We’re been introducing the PatientsLikeMe Team of Advisors on the blog over the past 6 months, and today, we’re happy to announce Amy, a member living with a rare genetic disease called Fabry. Below, she shares about the importance of being aware of patients as individuals, and how she’s learned to live (and thrive!) with Fabry. About Amy (aka meridiansb): Amy is currently on the Patient Advisory Board for Amicus Therapeutics where she serves as a patient voice for researchers as they work to develop a new drug for Fabry Disease. Amy is a great champion to have in your corner, with a self-reported ‘wicked sense of humor’, and passion for connecting others to the right resources and information. She has experience advocating for others as a medical social worker, and believes in the importance of getting to know a patient population, writing materials that they can relate to, and understanding how managing their condition fits into their life as a whole. Her tip for researchers and healthcare professionals: “Remember, not everyone fits into neat categories. Those that fall outside of what’s typical can be an invaluable resource when researching a particular condition.” Amy on patient centeredness: “Patient-centeredness means that above …

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“Don’t go it alone” – IPF member Christine shares about her health journey

Christine_Williams was diagnosed with idiopathic pulmonary fibrosis (IPF) in 2009, and ever since, she’s been managing a “rollercoaster ride that’s terrifying and not fun.” But she’s connected with your community on PatientsLikeMe for inspiration and was even referred to a new medical center to be evaluated for a lung transplant by her “rehabilitation buddies.” Below, read what Christine shared about her diagnosis, progression and thoughts on living with IPF. Can you share a bit about your diagnosis experience? We’ve heard from many members that finding an official diagnosis isn’t always easy. What that true for you, too?  Mostly no. In March 2009, I contracted pneumonia back to back within 8 weeks. It was around the time when the swine flu became a big deal, and I had visited Cancun, Mexico that year. I wasn’t necessarily in great health but fairly healthy. I had always attributed my shortness of breath to me being overweight. Because of the pneumonia, a CT scan was ordered. Then a bronchoscopy and finally a video assisted lung biopsy. I was diagnosed however right after the bronchoscopy. I started exhibiting shortness of breath symptoms in 2001. Even went through a series of PFTs at the time but …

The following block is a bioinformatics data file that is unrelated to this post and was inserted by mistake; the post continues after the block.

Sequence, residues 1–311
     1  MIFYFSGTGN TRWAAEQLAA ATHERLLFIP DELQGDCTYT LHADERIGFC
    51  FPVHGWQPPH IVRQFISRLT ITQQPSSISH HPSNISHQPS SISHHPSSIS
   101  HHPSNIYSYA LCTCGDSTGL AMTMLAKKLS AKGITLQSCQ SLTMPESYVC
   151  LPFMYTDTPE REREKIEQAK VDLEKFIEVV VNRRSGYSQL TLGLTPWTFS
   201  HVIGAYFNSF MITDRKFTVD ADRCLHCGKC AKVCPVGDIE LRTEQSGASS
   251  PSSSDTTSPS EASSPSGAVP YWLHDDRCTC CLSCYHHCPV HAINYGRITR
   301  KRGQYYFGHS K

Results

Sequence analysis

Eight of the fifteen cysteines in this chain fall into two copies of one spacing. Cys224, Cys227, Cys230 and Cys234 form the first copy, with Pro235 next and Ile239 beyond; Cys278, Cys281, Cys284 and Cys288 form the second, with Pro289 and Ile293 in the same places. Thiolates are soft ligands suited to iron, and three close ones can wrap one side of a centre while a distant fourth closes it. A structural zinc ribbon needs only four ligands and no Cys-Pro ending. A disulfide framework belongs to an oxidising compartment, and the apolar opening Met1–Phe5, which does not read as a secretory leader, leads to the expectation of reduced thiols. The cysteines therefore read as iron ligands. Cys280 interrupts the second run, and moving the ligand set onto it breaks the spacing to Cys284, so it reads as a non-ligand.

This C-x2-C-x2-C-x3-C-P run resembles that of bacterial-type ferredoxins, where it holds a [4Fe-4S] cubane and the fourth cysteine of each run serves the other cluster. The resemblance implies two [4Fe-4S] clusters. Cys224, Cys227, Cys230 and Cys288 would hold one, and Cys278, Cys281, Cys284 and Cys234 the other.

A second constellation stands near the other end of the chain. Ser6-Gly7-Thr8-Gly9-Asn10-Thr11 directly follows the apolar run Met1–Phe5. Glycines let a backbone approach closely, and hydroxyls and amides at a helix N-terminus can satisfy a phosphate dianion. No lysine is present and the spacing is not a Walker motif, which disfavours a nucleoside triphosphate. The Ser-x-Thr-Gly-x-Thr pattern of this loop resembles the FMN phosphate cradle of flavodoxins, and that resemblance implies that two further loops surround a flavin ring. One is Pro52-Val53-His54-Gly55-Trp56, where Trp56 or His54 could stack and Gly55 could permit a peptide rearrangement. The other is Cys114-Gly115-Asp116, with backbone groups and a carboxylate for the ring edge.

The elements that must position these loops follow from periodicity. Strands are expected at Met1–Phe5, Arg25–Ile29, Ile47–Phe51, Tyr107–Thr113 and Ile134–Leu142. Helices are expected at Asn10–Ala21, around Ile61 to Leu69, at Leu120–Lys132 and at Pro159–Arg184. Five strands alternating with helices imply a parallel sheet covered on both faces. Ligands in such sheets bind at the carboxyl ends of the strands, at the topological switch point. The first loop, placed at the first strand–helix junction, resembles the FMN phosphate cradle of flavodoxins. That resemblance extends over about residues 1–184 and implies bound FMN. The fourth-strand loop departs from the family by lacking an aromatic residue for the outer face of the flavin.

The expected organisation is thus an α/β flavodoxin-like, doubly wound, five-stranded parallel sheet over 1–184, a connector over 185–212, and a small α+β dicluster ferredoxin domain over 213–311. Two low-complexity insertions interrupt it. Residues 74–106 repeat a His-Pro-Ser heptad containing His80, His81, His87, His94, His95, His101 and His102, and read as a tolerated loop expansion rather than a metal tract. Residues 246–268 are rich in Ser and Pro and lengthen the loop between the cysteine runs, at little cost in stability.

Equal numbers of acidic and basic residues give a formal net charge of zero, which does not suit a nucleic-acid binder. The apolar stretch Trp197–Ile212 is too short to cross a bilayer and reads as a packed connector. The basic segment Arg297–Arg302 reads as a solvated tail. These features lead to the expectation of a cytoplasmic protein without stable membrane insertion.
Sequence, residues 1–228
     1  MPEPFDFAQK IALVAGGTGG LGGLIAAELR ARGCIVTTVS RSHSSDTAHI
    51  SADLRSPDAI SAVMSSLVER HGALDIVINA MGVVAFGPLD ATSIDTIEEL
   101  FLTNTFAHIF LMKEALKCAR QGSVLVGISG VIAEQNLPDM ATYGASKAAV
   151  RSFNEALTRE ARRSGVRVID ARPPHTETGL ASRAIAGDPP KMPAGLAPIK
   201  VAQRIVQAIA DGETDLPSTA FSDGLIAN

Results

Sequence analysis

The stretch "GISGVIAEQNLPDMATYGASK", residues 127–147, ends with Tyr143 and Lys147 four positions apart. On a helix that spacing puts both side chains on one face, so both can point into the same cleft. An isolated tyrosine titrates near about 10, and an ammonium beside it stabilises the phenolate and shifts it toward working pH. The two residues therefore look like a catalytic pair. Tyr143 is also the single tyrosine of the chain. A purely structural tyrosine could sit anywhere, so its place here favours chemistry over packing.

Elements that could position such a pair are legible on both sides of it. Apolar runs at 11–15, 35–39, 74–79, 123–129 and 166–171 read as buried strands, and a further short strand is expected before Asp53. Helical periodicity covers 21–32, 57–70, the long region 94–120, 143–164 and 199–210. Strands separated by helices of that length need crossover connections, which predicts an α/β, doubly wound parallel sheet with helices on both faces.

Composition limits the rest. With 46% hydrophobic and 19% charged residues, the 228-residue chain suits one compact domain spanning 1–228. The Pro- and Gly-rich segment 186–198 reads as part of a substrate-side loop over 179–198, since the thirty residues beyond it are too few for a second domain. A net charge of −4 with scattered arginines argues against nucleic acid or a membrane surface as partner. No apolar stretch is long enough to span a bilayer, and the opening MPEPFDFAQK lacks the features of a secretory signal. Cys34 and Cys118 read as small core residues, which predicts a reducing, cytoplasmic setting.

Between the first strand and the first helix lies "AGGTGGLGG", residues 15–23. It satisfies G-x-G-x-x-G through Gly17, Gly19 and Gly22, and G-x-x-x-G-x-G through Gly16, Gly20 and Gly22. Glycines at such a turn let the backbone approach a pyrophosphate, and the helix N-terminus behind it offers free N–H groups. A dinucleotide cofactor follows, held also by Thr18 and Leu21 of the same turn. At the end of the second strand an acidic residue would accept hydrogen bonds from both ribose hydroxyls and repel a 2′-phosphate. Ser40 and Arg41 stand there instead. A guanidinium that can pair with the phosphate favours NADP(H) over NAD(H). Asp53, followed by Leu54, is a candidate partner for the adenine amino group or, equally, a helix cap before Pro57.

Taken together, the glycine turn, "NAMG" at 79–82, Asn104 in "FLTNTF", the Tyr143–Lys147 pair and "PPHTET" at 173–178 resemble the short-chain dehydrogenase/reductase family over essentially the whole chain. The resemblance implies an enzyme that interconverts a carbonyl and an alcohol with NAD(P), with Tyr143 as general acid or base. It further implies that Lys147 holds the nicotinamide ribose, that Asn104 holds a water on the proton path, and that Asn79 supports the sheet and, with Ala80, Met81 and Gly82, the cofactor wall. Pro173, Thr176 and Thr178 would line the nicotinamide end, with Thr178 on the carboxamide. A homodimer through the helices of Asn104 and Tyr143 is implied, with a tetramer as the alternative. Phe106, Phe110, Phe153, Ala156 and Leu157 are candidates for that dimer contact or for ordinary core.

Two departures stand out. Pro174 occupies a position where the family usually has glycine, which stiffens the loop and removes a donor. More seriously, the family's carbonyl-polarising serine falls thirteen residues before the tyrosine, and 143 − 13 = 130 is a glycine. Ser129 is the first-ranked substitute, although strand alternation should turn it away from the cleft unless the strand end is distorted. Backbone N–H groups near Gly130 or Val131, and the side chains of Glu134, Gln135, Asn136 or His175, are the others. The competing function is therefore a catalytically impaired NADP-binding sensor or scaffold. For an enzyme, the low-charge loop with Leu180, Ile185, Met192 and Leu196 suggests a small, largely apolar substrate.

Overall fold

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PatientsLikeMe member TMurph58 shares about his advocacy efforts and journey with ALS

TMurph58 is a longtime PatientsLikeMe member who is living with ALS. You may remember him from his 2012 interview, when he talked about the “Treat Us Now” movement and his experiences with ALS. We recently caught up with Tom, and he shared about his extensive advocacy efforts over the past few years, including his recent presentation on patient-focused drug development with Sally Okun, PatientsLikeMe’s Vice President of Advocacy, Policy and Patient Safety. Catch up on his journey below. Hi Tom! Can you share a little about your early symptoms and diagnosis experience? I think I was very lucky to have a knowledgeable general practitioner – my actual diagnosis only took three months to complete even though I had to see three separate neurologists. My early symptoms started in my right hand with weakness and the atrophy of the thumb muscle – I thought it was carpal tunnel syndrome. How has your ALS progressed over the past few years? Thankfully I have been in the category of a slow progressor: The ALSFRS-R measures activities of daily living (ADL) and global function for patients with Amyotrophic Lateral Sclerosis (ALS). The ALSFRS-R provides a physicians-generated estimate of patient’s degree of functional impairment, which …